— Police Court flews. Pontypridd--Wedrwsday. Before Mr J. Ignatius WA9, (Stipendiary) Dr R. C. liuril-er, and Mr R. T. Richarrds. BOYS ROMPING ON SUNDAY. Four Pontypridd young lads named Jonah Morgan, Charles Hemon, Emrys Harries, and Enoch Morgan, were summoned for disorderly behaviour in Taff street on Sunday evening last Constable Walkley said they behaved in a most disorderly manner, jumping on each others barks and running about the pavement, push- ing against pedestrians This -as Morgans second offence. He ftlied 5s" and th others 2s 6d eaoob. KICKING A TREFOREST POLICEMAN. The adjourned case against George Bassett, Treforest, an old offender, for -an assault upora P.C. Williams, Treforest, was heard. The case was partly heard at Ystrad on Monday, and adorned in order to enable prisoner to call witnesses. Superintendent Cole now informed \\k Bench that prisoner was unable to call wit- Besses. The Stipendiary told prisoner it VMS & very serious thing to kick a constable; it wai possible to deprive him from earning 1 8ft was sent to gaol for a month wi MARRIED WOMEN WHOLESALE. „ worried woman living at Elizabeth Davies, • married Dina was charged in three separate gum was < = 3ao<ls bv false pretences ttonses with obtaining „ Pt,oeb,e Davies, Kendal stre-et, Tonv,pandy, said prisoner ea„e to her ho,« on MondaT -tod October, ».»! a»ke<l her "h''Uer W' Davies *a» at !»">" her f t u,r then .aid she cuno from Treata, and that to kusbaud wotkeri by her husband at "-j™ !or 13 years. She said he would have helped her if he was in. and had sent her to get help. Her husband had been ill since Christmas, and .he had seven children. She »a, asked into tie house, and given breakfast and 10 or 01 flour, lilbs. of butter, a pot of beef tea, 2lbs. of oatmeal, and a half a loaf of bread and lIb. of loaf sugar, and one bar of soap, valued to- get her at 45 4d. She gave her the things be- cause she thought her husband had sent her to get help. P .1. 1, William Davies. husband I me said he never authorised prisoner to go to his house. and had never seen her in his life. Prisoner, when arrested at Dinas, said, "You car. only put me in prison for it. Mrs Williams. Ynysoynon Road. Trealaw,was 41%0 victimised in a similar manner on the 24th of Oct-obsr. She gave prisoner a score of flour but. she said she would rather have money to buy beef tea for her husband, who was ill. Annie Beer, Brithweruiydd Road, Trealaw, text gave evidence of having been victimised by prisoner on Thursday last. She gave her a Is. in money, ilb. of tea, half a loaf of bread, Sugar, cheese, and butter. Prisoner pleaded guilty and was sentenced to six weeks' hard labom. SHORT BREAD. Thomas and Evans, grocers, Taff street, Pontypridd, were summoned for selling bread other than by weight. Evidence was given by P.C. Harn as to the purchase, and Inspector Morgan also gave evidence. Mr W. R. Davies, -110 defended, explained that it was owing to 8.J1 error of the baker at Porth that the loaf Was 60at down to Pontypridd. Defendant was cos^s' v*z" ^s* r Hopkin Morgan, baker. Pontypridd, was 50 ordered to pay costs for a similar offence. NAUGHTY BOYS. Oliver Plumber and, John Jenkins, Treforest lads, were summoned for disorderly behaviour Castle street, Treforest, on the previous Sunday. Plumber, who had previous convic- tions recorded against him, was fined 5s. The Case against Jenkins was adjourned. his mother alleging that he was not present in the street ILt the time. -T"I> BOY BURGLARS AT 1 UJN1 XriiLLUJ. Before Dr Hunter and Mr H. T. Richards, in the lesser Court, three lads named John Golds- Worthy, W. H. Williams, and William Powell, Were brought up to answer ach arge of stealing various articles from the Graig Schools last Monday night, and doing considerable damage Ividence was given by the head-master, Mr Chubb, and the head-mistress, Miss Annie J. Williams, who stated that they left the schools to good order. on the Monday, but on Tuesday morning they found the schools had been broken into, and numerous books and other Utensils stolen.. The lads were also further charged with breaking and entering the Taff Vale Railway goods station at Pontypridd and doing considerable damage to sacks of corn by Cuttano- the sacks and scattering the contents ltbout the warehouse. Inspector Edwards, of the Taff Vale Railway, gave evidence, and 1te.ted that the defendants' conduct had put the Company to a considerable expense. The pirates expressed their sorrow in not being fbl* to deal with the case as they would lib, to owing to the youthfulness of the offenders. '1\eY would, however, order Powell to receive fOltr strokes with the birch rod. and to be tked up for 24 hours in the cells. The others VtOuld receive three strokes and a like imprison- nt. In the first case they were ordered to eive six strokes each. Young WOMAN' KICKS A PUBLICAN. Margaret Thomas, a young woman of ill-fame "aa charged with assaulting George Amos,land. ed of the Wheatsheaf Hotel, Pontypridd, be- Cause he refused to supply her with drink owing to her drunken condition. Mr Amos said that oner kicked him violently in the abdomen. e was fined 10s or seven days' imprisonment.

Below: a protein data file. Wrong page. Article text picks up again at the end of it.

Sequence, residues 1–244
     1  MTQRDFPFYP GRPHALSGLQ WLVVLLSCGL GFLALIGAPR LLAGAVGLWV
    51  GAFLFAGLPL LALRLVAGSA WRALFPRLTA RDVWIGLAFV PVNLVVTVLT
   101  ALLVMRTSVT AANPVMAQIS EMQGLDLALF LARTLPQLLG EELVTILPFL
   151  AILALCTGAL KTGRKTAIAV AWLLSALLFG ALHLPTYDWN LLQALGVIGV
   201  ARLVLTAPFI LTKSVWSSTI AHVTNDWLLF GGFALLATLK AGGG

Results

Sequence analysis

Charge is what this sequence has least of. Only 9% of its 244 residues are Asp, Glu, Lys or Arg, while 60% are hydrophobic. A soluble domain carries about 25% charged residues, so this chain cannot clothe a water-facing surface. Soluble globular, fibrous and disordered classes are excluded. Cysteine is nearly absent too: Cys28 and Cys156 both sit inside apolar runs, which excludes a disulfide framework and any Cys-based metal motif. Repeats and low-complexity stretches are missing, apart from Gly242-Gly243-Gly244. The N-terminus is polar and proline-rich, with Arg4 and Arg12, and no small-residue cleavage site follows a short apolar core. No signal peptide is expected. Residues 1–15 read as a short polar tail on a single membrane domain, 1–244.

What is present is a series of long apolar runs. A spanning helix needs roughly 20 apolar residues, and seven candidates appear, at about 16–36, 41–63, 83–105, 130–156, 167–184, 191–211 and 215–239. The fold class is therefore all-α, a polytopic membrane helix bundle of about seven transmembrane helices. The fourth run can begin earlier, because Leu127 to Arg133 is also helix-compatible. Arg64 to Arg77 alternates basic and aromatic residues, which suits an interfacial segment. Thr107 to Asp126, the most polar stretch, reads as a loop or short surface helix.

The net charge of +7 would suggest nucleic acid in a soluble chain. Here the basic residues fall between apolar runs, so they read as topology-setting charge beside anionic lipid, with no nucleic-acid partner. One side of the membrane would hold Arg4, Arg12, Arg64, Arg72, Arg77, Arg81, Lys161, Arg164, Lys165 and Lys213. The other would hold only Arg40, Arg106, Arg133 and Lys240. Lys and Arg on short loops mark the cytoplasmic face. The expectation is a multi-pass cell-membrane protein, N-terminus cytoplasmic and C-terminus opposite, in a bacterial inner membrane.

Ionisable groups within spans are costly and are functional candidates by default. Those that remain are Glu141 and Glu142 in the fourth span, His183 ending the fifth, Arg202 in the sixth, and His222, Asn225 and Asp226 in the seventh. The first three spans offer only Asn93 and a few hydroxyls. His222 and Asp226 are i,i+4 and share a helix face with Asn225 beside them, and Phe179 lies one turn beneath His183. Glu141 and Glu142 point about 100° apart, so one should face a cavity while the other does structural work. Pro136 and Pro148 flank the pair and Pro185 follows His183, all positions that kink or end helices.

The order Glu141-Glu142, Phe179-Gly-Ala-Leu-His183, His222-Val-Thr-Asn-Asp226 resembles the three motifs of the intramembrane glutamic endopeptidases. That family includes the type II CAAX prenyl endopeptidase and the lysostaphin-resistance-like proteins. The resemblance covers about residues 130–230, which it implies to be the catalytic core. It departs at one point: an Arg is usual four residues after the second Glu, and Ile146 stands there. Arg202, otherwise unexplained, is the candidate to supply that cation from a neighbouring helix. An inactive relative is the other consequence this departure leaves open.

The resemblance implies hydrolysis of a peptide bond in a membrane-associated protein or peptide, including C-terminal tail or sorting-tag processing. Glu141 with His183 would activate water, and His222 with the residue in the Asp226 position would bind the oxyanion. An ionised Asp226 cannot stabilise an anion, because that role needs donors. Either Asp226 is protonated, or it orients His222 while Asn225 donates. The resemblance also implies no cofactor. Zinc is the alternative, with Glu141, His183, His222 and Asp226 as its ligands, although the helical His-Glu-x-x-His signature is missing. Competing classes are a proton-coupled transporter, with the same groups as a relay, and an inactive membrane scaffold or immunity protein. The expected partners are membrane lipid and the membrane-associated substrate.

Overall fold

Llwynypia On Monday, the annual tea meeting was held the English Wesleyan Chapel. Miskin Road, Tea was laid on prettily decorated tables, and Presided over bv Miss Davies and Miss Lilly Trotman Mrs Mills and Miss Maidment, Mrs ?• Williams and Mrs Vater, Miss Reynolds Mid «iss Jones; cutting up, Mrs Reynolds, Mrs "urton, Mrs Evans, Mrs Higgs, Mrs S. Hole, >hile Messrs Higgs, Hole, Evans, and Maggi otherwise assisted. "A Service of Song was in the evening, the reader beinf Mr C. Collins, Ystrad. The respective superintend- ent and secretary were Messrs Bob Jones and j Gibbon.